many to one RF433mhz

Hello,
I need to send data from at least 10 rf433 transmitter to one receiver… The transmitters are connected individually on a Attiny45, and the station that will contain the RX, is one Arduino Uno. For now, I have just one pair of this devices but for my project I need 10 transmitters. There will be interference? There’s a way to send all the data from the TX at the same time, or I’ll have to send it one by one? If the last one is the only option, how to do this control?
Basically, I need a network of these RF modules to send sensor data to my station connected to a Arduino.
Thanks for the help and sorry for my english…

Greetings from Brazil

All will send independently of the others, yes? So occasional corruption cannot be avoided. If each sends its data 2-3 times, and the data burst sent is not long, then the receiver can drop any corrupted messages or partial messages or messages that come in too long, and most of the time the data will be received ok. If you have a way to synchronize time between them all (say each gets time from its own GPS module), then you could coordinate sending - initial unit sends at 0 seconds, next at 1, then at 2,3,4,6,7,8,9, then back to 0 (10 seconds later) for the initial unit again. Or every 1/2 second, etc. or whatever rate your receiver can accept them.

Yes, they send data independently. I’ll find a way to try as you suggested about synchronize the time between the devices.

I thought about define different delay before sending the data for each Attiny45, this can work well?

For example:

#include <Manchester.h>;

#define TX_PIN 0
#define LED_PIN 1
#define MOTOR_PIN 2

float tension = 0;
int transmit_id = 42000;
int transmit_tension = 0;

void setup() {
  man.setupTransmit(TX_PIN,MAN_1200);
  pinMode(LED_PIN, OUTPUT);
}

void loop() {
  tension = analogRead(MOTOR_PIN);
  transmit_tension = tension;
  digitalWrite(LED_PIN,HIGH);
  delay(100);
  digitalWrite(LED_PIN,LOW);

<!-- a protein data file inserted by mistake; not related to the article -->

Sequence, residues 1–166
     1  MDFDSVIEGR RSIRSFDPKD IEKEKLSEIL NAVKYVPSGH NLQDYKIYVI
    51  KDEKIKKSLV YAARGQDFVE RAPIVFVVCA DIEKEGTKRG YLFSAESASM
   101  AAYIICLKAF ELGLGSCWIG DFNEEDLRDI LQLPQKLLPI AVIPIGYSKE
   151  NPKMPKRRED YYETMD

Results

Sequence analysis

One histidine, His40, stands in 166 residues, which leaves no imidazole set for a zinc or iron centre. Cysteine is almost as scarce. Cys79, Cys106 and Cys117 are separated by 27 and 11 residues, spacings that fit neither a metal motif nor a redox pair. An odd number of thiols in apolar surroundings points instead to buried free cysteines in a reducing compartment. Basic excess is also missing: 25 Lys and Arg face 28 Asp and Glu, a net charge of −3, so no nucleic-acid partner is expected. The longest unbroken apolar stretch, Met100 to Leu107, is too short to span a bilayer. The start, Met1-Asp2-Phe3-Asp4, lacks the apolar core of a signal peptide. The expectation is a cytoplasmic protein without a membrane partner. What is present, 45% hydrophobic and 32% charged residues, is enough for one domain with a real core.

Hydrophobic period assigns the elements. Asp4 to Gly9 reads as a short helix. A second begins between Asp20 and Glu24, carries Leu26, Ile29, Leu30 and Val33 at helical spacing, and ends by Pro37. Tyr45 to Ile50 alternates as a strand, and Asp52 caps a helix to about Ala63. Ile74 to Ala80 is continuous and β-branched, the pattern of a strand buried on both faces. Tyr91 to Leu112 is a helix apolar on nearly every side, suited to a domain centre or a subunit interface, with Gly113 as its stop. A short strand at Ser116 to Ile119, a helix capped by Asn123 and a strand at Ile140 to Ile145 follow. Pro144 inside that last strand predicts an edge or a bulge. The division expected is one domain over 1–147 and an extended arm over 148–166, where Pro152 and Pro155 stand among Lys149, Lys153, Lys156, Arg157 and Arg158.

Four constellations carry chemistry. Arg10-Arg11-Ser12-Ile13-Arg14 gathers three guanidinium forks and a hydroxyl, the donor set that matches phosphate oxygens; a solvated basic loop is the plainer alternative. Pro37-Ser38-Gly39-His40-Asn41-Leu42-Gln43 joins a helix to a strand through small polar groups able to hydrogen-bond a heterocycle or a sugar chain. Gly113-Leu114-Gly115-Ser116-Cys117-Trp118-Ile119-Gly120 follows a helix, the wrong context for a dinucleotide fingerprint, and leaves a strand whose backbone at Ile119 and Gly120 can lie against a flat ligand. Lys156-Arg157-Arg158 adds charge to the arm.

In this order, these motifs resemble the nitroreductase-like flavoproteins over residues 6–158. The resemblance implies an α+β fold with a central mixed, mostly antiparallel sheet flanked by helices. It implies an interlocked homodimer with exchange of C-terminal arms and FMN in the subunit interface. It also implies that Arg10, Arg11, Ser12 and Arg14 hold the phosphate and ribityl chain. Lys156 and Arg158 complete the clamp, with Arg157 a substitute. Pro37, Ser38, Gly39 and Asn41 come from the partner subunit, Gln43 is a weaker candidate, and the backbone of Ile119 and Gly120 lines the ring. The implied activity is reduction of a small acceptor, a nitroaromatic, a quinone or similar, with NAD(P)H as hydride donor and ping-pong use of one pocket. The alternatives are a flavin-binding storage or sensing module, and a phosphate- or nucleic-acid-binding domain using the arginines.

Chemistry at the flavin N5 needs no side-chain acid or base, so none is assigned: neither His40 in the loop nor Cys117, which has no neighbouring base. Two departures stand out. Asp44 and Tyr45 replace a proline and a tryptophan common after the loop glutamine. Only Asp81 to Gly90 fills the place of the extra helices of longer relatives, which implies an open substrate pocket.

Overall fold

delay(100);
  man.transmit(transmit_id);
  delay(100);
  man.transmit(transmit_tension);
}

this is my transmitters code
if I define different delays for each transmitters, delay(100),delay(200)… etc. This can work?

I'll find a way to try as you suggested about synchronize the time between the devices.

That is nearly impossible without a wired connection, because the individual clocks drift. You need to plan on messages that collide and are rejected by error detection. VirtualWire does that for you.

VirtualWire does that for you.

jremington,

So if i use VirtualWire, transmitting from 10 rf devices will not be a problem? I mean, using this library all the data can be sent simultaneous?

What kind of 433 transmitters so you have?

The easiest way to do what you want is to use 433 Transceivers, ie bi directional, and operate the system in a Master Slave relationship, so that the device thats receiving the data controls when the 10 transmitters send.

I have this:

Thanks for the help... But I'm really interested to use what I have, at least until I have no other options. In fact, I was thinking about to capture all the data in a certain time and send after elapsed another amount of time on each device. Maybe using the milli() function. I'm just finding some difficulties to program this, but I'm trying and I can post the results in a little while... If someone has another idea, please let me know. Anything will be helpful.

Thanks again to all that already helped me.

Your transmit code is too simplistic. Use Virtualwire/Radiohead to encode the message and send it, and to receive it and toss out corrupted messages.

So if i use VirtualWire, transmitting from 10 rf devices will not be a problem?

Not a big problem, if you plan for losing messages due to collisions.

It is not hard to see how to proceed. If a message takes 1 second to send, then in a 10 second interval 9 other transmitters could each send a message, if they were all properly timed.

However, the clocks will all drift so even if you start them off perfectly synchronized, that won't last and messages eventually will overlap.

Sometimes people send a burst containing multiple copies of the same message and hope one gets through. Obviously, that reduces the number of transmitters that can be active.

It depends on how you slice the time.